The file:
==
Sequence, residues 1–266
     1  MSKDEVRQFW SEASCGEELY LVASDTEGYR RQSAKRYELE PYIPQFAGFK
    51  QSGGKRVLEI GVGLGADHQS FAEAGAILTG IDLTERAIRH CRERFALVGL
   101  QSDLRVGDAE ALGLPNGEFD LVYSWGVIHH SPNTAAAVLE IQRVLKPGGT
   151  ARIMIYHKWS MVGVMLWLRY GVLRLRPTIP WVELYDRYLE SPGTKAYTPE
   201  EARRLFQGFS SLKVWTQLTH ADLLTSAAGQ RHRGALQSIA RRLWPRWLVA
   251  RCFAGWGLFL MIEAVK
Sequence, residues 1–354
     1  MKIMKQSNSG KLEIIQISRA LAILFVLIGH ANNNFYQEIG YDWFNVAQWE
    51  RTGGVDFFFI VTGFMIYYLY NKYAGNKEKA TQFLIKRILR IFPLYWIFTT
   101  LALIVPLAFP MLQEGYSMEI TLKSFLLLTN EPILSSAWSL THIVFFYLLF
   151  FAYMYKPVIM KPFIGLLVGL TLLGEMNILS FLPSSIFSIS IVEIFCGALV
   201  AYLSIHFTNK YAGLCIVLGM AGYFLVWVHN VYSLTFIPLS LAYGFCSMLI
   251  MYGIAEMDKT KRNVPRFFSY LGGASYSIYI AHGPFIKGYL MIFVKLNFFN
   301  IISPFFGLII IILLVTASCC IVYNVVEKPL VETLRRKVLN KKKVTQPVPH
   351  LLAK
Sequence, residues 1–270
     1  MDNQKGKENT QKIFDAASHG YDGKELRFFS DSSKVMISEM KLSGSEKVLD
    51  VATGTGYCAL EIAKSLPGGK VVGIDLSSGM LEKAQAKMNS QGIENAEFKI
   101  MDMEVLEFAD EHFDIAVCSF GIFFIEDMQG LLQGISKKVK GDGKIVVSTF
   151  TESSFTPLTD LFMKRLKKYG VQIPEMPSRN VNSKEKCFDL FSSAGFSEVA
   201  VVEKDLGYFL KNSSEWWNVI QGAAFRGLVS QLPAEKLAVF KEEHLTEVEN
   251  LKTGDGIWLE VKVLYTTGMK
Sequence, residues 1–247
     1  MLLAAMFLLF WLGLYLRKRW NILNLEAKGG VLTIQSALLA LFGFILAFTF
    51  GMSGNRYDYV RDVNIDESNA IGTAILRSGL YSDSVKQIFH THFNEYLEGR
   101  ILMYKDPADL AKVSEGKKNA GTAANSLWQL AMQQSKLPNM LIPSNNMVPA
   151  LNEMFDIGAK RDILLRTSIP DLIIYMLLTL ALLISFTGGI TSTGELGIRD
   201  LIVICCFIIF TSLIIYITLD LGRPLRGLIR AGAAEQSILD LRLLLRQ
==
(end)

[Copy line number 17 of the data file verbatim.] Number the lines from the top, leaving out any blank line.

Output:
Sequence, residues 1–270